My first experience with conversion lift/incrementality testing came in ~2013 while at LivingSocial. At the time, we were using Criteo for dynamic retargeting of our local deals offers. We ran an incrementality test that showed a ~.5% lift in sales for our test group, but, when you factored in the cost of the media itself, it was effectively a breakeven campaign. Criteo's reporting pegged the campaign at a 7x ROAS using their default attribution window. In the end, we continued to run the the campaign at breakeven, as we believed there was some inherent value in the impressions themselves. From that day forward, I've been obsessed with incrementality testing, and generally skeptical about paid retargeting and view-through attribution.
With that obsession in mind, I'm happy to share the results of a number of lift tests that the Thesis team and our clients have run over the last 6 months.
This brand has a conventional funnel (click -> lead -> subscription), and we ran a handful of typical retargeting audiences (page visitors, leads etc.) in our retargeting campaign. I was deeply skeptical that this retargeting campaign as a whole was accretive, and I was especially concerned about the leads audience, given those leads are very aggressively emailed to push them over the line to subscribe.
In this case, the cost per incremental subscription was $52 (well within our CPA target), and most importantly, the conversion lift percentage was 661.2%. Retargeting really moved the needle here to my surprise.
This brand is a high consideration, high AOV product with a typical Shopify funnel. Our experiment looked at the incrementality of our retargeting campaign, which targeted standard audiences including visitors, add to cart, initiate checkout etc. We measured lift on three metrics: View Content, Add to Cart, and Purchase.
The lift test showed that our retargeting was having almost no impact on Purchase. The lift percentage was only 9%, and the cost per incremental conversion was $296. Meanwhile, for the same period the ads manager dashboard reported a $215 CPA with a 1-day click attribution window and a $31.59 CPA with the default attribution window (28-day click + 1-day view).
Notably, there was meaningful lift on the Add to Cart metric. For Add To Cart, the lift was nearly 50%:
One constraint of Facebook's lift studies is that they count conversions as tracked by their pixel only during the experiment's test schedule (in this case 30 days). Given this is a high consideration product with a long sales cycle, it's reasonable to assume that the campaigns during the test period might lead to purchases well after the test schedule, which their pixel reporting wouldn't capture by definition. We've struggled to reconcile the very reasonable hypothesis that purchases might be long delayed with the very poor incremental performance that we could actually observe.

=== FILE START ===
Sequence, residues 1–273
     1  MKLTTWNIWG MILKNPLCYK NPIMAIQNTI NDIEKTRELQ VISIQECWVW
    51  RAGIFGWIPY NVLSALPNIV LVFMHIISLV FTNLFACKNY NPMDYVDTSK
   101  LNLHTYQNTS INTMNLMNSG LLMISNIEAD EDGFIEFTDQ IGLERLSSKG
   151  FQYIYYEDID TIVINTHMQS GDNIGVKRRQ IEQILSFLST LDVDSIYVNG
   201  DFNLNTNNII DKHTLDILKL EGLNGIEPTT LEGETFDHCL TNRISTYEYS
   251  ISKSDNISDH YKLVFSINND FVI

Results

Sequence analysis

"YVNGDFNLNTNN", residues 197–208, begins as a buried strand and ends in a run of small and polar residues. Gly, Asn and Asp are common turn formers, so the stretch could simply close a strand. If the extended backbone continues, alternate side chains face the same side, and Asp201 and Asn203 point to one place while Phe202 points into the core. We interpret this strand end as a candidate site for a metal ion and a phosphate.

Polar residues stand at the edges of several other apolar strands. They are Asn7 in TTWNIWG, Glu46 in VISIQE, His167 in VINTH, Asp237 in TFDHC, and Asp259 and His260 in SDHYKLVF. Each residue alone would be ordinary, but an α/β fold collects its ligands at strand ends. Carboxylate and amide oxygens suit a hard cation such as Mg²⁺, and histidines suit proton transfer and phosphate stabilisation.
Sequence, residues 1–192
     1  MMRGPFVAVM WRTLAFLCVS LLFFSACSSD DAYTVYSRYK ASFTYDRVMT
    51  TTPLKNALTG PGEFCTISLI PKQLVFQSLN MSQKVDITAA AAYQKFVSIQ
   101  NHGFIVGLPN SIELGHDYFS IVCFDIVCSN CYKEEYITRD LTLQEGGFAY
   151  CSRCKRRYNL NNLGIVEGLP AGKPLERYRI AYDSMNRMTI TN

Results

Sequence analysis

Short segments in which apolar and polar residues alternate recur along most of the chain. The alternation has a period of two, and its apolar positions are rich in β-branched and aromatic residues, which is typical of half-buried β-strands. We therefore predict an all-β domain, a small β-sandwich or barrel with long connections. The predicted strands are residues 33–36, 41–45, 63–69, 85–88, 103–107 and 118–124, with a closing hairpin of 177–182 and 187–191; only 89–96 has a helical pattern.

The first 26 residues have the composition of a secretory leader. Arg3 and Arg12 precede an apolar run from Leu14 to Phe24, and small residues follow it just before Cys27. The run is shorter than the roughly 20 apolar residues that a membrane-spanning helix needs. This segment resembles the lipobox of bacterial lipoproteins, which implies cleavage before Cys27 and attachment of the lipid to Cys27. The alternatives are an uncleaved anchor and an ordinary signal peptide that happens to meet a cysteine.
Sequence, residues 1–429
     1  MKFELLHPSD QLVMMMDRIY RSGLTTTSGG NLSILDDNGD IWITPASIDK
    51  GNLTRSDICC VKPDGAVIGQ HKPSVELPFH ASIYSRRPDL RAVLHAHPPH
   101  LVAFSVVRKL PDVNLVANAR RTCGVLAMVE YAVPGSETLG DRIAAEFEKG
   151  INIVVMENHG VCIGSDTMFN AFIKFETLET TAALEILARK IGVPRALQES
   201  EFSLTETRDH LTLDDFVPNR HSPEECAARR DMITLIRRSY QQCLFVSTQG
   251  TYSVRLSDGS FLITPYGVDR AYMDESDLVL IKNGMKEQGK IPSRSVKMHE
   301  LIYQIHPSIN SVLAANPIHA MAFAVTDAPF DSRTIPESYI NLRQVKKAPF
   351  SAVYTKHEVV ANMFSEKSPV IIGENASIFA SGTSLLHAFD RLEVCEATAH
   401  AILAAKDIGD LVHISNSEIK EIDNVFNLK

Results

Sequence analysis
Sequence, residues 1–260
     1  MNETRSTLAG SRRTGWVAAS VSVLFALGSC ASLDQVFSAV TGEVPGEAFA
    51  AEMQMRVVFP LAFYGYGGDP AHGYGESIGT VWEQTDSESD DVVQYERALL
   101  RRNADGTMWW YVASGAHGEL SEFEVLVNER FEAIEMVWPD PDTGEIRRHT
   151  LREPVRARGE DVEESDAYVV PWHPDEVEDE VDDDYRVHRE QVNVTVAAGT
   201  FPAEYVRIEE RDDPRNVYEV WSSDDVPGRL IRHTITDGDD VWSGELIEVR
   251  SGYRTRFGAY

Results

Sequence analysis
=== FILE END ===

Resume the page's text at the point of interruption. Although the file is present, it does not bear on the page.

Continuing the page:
One suggestion I received from a Facebook rep was to take Purchase data from Shopify, upload it as Offline Conversion dataset, and use that offline purchase event as another objective for the experiment. That way any sales generated "offline" even well after the test schedule period could be attributed back to the campaigns during the test schedule and thus would be included in the incrementality results. To be honest, we haven't had the opportunity to try this yet.
After seeing the results described , we ran a lift test that included all campaigns (prospecting + retargeting) for 30 days.
In this case, the results were more positive, although we saw a relatively modest overall ROAS.
The implied ROAS lift here is only 1.2x, but again, we have to weigh those results against the nature of the product's sales cycle.
This brand has a relatively strong trial offer which leads into a regular subscription cadence. Again, we ran a relatively conventional set of retargeting audiences, and looked at incrementality based on Add to Cart, Initiate Checkout, and Purchase.
We saw a 41% lift on the purchase event, and an incremental CPA of $62.89. For that period, our 1-day click CPA was $67 and our default CPA (28-day click + 1-day view) was $32. In this case we've just modified our thinking a bit to set goals with a more conservative attribution window in mind.
Facebook's Business Help Center has a number of excellent pages on Holdout Tests. I suggest you start here. Though they aren't included in the Experiments interface on Facebook (as far as I know, at least), you should note that your Facebook rep can help you configure "Power Lift Tests", which combine conversion lift testing and brand lift testing into a single experiment.
If you have any critiques of my analysis above please let me know (firstname.lastname@example.org). I'm always eager to learn more about incrementality. And if you need help in running this sort of an experiment obviously just let me know. In the future, I plan to share more incrementality results on this blog from Facebook and hopefully other channels too.
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The second post in our paid search account audit series in which we take a look at search keyword match type distributions.
When managing subscription-only ad campaigns on Facebook, return on ad spend becomes nearly meaningless. Profitability rarely ever happens after the first purchase but typically comes from a user’s lifetime value as they submit recurring payments months into the future.